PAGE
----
By Tate Papworth
Seventy-seven years on and the Kokoda campaign remains one of the toughest, bloodiest and gruelling in Australia’s history.
It’s also the setting of remarkable bravery and teamwork – qualities Sunshine boy Sam Saliba had in spades.
Sam was five when he arrived in Sunshine with his family in 1925 after immigrating from Malta.
He was educated at a local school and as a young man got a job at Spalding Sunshine (now Bunnings) as a watchman. He also helped out at home on a small dairy farm.
He was an exceptional footballer and a key member of Deer Park’s side in the late 1930s and early 1940s. His performances were so eyecatching that Sam was invited by Footscray VFL to do a pre-season prior to the 1941 season.
Sam’s nephew Joe Azzopardi, who spent time on the Bulldogs’ board, said Sam looked destined to play in the big league.
“Sam had caught everybody’s eye at the Bulldogs and the whisper was ‘that little Maltese boy from ICI Club is a ripper’,” Mr Azzopardi said.
“However, just before the season started, the coach called Sam in and said ‘Sorry Sam – you are a bit too short – so sorry mate, you are not going to make the side’.
“The Footscray Football Club records show that at the last minute before the 1941 footy season began, a young Spotswood prospect by the name of Charlie Sutton was signed up.
“I guess you could almost say – the selected Footscray VFL side would have read – In: Sutton, Out: Saliba,” Mr Azzopardi said.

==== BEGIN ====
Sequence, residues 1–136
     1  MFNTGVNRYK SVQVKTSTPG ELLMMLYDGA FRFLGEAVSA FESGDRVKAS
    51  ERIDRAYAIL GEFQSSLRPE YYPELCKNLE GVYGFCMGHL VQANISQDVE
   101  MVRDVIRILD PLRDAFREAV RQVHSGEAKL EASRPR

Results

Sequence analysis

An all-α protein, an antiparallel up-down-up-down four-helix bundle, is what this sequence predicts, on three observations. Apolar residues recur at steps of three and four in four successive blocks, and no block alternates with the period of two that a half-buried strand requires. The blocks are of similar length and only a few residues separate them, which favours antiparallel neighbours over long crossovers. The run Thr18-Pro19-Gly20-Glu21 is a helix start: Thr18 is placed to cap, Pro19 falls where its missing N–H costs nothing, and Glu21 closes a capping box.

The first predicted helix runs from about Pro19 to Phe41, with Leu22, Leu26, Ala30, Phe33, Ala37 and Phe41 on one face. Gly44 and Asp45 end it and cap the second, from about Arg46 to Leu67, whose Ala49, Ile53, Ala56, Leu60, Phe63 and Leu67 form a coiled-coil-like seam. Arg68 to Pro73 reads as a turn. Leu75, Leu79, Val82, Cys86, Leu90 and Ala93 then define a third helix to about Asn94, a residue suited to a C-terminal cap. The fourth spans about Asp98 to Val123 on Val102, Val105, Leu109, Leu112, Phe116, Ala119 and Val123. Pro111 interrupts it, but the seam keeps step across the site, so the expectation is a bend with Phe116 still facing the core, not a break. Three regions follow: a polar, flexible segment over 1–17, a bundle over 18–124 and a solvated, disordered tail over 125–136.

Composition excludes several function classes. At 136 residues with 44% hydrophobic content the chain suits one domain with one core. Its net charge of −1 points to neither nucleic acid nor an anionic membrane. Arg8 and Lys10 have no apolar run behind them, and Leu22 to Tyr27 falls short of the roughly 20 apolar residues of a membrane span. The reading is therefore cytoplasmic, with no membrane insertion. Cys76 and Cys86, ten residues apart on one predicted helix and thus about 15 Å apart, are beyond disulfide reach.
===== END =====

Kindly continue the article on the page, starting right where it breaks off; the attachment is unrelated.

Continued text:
“They would argue that they made the right move, as Charlie went on to captain and coach their first premiership side.”
It proved to be a sliding door moment for Sam who, still in his football gear, stormed out of the rooms feeling upset and frustrated, and headed straight for the Army drill hall next to the Western Oval. He voluntary enlisted to join the Army, as World War 2 was raging.
He was told to go home and pack his bag and was sent to Queensland for urgent training.
“The whole family were deeply concerned as they had not heard from him for months, and as he was no longer playing footy for Deer Park, they wondered where he was,” Mr Azzopardi said.
“Finally, a few months later, mum received a telegram from him saying – ‘Hello Big Sis, guess what – I have joined the Army and I am training in Queensland and should be home soon’.”
Sam was sent to New Guinea a few weeks later. A year later, his family received the heartbreaking news that he was wounded in action and died of his wounds on The Kokoda Track on December 19, 1942.
A memorial plaque was placed on a tree at Spalding Sunshine and remained long after it became a Bunnings store, although Sam’s story has been seldom told.